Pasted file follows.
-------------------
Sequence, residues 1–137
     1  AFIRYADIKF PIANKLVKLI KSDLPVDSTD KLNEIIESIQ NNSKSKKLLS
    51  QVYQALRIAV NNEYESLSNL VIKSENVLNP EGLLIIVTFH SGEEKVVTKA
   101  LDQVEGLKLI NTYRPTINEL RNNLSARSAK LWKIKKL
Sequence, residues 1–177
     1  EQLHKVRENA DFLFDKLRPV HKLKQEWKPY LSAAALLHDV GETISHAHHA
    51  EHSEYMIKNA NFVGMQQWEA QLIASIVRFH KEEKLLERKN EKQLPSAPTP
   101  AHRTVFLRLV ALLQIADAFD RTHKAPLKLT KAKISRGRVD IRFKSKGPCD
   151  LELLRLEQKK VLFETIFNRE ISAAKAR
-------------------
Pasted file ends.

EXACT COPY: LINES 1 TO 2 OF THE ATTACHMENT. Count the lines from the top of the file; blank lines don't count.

Sequence, residues 1–137
     1  AFIRYADIKF PIANKLVKLI KSDLPVDSTD KLNEIIESIQ NNSKSKKLLS